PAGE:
Data Data Data and Five Startups That Love It
Data Data Data and Five Startups That Love It
There are tons of company’s out in the fight, the fight for data. But these five startups seem to have there ducks in a row and are going somewhere. These startups are trying to make sense of the millions of social media interactions that take place each day. Brands are using social data to monitor advertising campaigns, identify new customers and engage with existing customers.
Katherine Barr, general partner at Mohr Davidow Ventures, has invested in numerous big data startups and believes that many companies are beginning to build their own social data tools. That means startups like DataSift, which focus exclusively on social data, may soon go out of business.
“There’s a window of time for the social data provider companies and their time is right now,” Barr said.”I think there will be a time limit as well as a cap in some cases as to how big and valuable many of those companies can actually get.”
It’s safe to assume Topsy won’t be the last social data company scooped up in the next six to 24 months. Here are a few other startups to keep an eye on.
1. 140 Proof
San Francisco-based 140 Proof has created what it calls a Blended Interest Graph, a tool that targets consumers based on their social media posts and helps advertisers reach the appropriate audience. The company works with thousands of advertisers, including big names like Kraft, Chevy and Microsoft, to surface ads on the web and on mobile where consumers use their social IDs. (Think Tumblr and WordPress blogs, and mobile apps that require a social login.)
“The real gold in social is this publicly available data that we call asymmetrical connections, or indications of interest,” said CEO Jon Elvekrog. “Who you’re following, what you’ve pinned, Tumblr blogs you’ve re-blogged. By harvesting that public information, that gives us a really good idea about what stuff you’d like to see more of.”
140 Proof has raised $6.25 million since it was founded in 2010, but the company is already profitable, Elvekrog said.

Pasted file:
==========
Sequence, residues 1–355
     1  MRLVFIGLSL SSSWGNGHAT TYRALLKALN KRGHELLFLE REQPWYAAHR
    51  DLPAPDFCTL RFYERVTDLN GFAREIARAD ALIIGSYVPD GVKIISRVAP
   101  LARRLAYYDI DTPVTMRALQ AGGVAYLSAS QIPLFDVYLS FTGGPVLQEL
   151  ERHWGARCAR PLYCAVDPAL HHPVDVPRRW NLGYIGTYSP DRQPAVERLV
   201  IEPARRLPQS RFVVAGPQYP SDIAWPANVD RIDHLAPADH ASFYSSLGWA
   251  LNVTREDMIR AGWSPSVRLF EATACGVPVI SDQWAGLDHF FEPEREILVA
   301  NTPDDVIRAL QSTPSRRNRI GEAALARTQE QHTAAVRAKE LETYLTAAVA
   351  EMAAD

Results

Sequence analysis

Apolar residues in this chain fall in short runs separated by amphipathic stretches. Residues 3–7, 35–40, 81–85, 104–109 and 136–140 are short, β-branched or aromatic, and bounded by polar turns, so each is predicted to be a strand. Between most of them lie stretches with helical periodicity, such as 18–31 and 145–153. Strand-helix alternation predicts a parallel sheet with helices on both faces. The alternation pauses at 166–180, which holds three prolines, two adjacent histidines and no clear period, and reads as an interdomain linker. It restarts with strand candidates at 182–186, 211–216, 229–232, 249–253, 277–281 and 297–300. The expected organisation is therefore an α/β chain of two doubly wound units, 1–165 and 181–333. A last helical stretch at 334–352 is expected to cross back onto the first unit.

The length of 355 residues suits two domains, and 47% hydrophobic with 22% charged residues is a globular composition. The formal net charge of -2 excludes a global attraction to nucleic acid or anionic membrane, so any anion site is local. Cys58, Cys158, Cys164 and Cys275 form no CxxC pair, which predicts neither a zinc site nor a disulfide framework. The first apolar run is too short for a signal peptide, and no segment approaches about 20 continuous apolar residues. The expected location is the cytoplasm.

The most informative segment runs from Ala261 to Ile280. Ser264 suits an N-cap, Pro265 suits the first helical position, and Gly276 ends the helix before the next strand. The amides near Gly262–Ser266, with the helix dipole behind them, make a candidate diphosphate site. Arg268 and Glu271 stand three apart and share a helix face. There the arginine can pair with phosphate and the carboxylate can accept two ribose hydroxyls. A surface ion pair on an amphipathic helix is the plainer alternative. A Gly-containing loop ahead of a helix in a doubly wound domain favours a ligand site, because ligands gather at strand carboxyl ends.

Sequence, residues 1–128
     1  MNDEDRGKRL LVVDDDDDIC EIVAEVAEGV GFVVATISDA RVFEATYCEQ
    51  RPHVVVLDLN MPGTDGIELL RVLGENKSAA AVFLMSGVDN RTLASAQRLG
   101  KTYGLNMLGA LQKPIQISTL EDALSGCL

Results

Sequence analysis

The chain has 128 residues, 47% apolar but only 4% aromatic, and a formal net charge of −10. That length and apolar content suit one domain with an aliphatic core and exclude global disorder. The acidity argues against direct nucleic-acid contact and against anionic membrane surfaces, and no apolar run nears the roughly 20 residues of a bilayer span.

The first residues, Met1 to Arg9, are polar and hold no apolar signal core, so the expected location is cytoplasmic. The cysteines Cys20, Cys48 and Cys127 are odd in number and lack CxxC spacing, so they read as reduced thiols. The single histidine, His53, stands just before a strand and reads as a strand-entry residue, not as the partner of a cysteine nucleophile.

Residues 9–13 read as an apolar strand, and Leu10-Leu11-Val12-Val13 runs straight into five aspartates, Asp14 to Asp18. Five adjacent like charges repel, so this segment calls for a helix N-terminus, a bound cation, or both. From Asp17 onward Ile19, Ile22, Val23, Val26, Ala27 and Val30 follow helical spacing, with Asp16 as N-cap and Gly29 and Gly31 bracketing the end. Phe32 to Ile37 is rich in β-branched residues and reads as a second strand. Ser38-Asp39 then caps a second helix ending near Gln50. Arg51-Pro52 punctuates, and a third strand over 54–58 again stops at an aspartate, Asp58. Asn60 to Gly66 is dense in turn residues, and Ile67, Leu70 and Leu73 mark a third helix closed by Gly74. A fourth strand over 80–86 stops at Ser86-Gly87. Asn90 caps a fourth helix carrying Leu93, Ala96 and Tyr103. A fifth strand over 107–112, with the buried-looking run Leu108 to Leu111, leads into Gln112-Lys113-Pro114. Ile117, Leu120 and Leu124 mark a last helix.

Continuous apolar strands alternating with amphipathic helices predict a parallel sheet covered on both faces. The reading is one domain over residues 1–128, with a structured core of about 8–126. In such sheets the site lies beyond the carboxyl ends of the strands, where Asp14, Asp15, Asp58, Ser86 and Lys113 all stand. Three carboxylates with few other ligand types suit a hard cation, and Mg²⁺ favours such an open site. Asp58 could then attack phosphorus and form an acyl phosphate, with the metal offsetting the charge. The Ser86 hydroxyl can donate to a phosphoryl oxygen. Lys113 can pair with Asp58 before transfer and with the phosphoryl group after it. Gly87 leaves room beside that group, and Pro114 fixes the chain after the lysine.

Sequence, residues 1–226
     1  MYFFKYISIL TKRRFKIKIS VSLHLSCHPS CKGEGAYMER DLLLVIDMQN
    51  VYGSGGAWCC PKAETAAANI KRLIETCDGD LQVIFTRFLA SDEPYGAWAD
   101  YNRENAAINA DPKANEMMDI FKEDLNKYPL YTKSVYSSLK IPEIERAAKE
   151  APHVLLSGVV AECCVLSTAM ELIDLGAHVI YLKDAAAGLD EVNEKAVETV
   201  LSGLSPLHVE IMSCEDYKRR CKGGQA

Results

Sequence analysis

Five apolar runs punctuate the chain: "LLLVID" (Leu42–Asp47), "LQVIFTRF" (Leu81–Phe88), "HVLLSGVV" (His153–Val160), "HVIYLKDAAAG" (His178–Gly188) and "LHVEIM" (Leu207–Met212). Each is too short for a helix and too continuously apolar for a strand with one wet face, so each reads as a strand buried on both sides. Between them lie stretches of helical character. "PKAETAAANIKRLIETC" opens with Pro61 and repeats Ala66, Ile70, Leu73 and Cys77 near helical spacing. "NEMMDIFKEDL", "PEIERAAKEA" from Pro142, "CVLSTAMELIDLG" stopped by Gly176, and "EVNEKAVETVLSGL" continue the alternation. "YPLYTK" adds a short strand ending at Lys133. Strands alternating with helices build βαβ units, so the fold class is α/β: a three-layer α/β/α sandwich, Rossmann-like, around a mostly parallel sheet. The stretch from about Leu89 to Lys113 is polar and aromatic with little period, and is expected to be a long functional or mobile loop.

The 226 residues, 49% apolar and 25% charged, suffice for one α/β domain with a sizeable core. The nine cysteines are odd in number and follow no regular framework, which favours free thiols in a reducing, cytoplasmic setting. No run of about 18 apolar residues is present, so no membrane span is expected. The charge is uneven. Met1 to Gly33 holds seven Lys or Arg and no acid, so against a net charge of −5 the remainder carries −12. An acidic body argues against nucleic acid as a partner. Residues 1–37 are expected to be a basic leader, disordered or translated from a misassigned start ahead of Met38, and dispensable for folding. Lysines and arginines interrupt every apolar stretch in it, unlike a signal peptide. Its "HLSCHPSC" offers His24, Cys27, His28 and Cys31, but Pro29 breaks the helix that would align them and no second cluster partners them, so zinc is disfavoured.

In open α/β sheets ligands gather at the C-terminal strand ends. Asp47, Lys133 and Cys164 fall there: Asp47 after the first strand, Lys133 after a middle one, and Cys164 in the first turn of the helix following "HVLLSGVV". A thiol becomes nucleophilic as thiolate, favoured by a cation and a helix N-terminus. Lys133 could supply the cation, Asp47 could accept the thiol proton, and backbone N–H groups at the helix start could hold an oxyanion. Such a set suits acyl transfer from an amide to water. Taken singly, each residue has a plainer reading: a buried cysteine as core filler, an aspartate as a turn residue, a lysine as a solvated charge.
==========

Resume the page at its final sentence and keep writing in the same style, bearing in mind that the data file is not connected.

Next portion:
The other darling from this busy week, DataSift, announced a $42 million funding round on Tuesday, pushing the company’s financing total over $70 million. Half of the employees in the company are engineers, Bailey said, and the new funding means DataSift will continue to hire aggressively.
Bailey is clearly optimistic about the future of social data analysis and even expects college students to join in on the fun; he predicts universities will soon offer social data MBAs.
Gnip is the third and final U.S. company with access to the entire Twitter firehose, a valuable commodity as it allows access to every tweet sent around the world. (The other two with firehose access, Topsy and DataSift, were mentioned above.) But Twitter isn’t the only sources of social data for Gnip; the company also pulls from Tumblr, Foursquare and WordPress, among others.
The company, which was founded in Boulder, Colo., in 2008, also provides Twitter archive data to the Library of Congress.
LeadSift is a small startup, even by this list’s standards. That doesn’t mean it can’t churn out useful results for its customers, though. LeadSift uses social media to bring brands and retailers the perfect customers. If you tweet about upcoming plans to go car shopping, for example, LeadSift will see that and most likely send your information to its automotive clients ahead of time.
The Nova Scotia-based startup scours Facebook and Twitter for public posts to find what people are talking about and actually buys its Twitter data from DataSift. Its most popular verticals include auto sales, insurance sales and retail. LeadSift is planning a Series A round of funding in early 2014, according to Tukan Das, CEO of LeadSift.
Another social startup based in San Francisco (surprise, surprise), Lithium helps its customers build their own social communities online, often as part of larger company websites. The move allows Lithium clients to better engage with fans and customers of the brand, control where the conversation happens and become an active participant without relying exclusively on external sites like Facebook or Twitter.
The company announced a “pre-IPO” round of financing in September, netting $50 million to bring Lithium’s total fundraising over $150 million. There is no set timetable for the company’s IPO, according to sources close to Lithium, but an IPO toward the back half of 2014 wouldn’t be a surprise.
Thanks Kurt Wagner
- DataSift raises $42M. Maybe there’s something to this social data after all (gigaom.com)
- British Topsy rival DataSift gets $42m investment (telegraph.co.uk)
- Twitter IPO Sparks Investor Interest in Social Startups (bloomberg.com)
- Firehose Specialist DataSift Raises Another $42M Led By Insight Venture Partners To Fulfill Global and Non-Social Ambitions (techcrunch.com)
- DataSift Launches Vedo To Help Enterprises To Channel The Big Social Data Firehose (jeremiahtillman.wordpress.com)
- Weekly Big Data Review: It’s all about the startups (siliconangle.com)
- DataSift releases VEDO, lets you run custom rules for its social data platform on a massive scale (thenextweb.com)
- DataSift Launches Vedo To Help Enterprises To Channel The Big Social Data Firehose (techcrunch.com)
This entry was posted on December 12, 2013 by CoreyGmaN. It was filed under Social Networking and was tagged with 140 Proof, Data, DataSift, facebook, Gnip, Jon Elvekrog, Katherine Barr, LeadSift, Library of Congress, Lithium Technologies, Social Networking, Topsy, Twitter, WordPress.